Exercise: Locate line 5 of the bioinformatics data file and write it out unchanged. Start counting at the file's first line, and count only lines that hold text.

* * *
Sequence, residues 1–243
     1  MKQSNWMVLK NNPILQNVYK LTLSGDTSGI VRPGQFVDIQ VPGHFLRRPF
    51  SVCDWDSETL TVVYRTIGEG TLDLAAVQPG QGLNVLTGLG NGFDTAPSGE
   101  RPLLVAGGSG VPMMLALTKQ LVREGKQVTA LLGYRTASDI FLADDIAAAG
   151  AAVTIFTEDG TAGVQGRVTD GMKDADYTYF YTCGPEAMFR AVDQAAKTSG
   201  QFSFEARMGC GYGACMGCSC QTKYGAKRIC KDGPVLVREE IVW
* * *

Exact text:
   151  AAVTIFTEDG TAGVQGRVTD GMKDADYTYF YTCGPEAMFR AVDQAAKTSG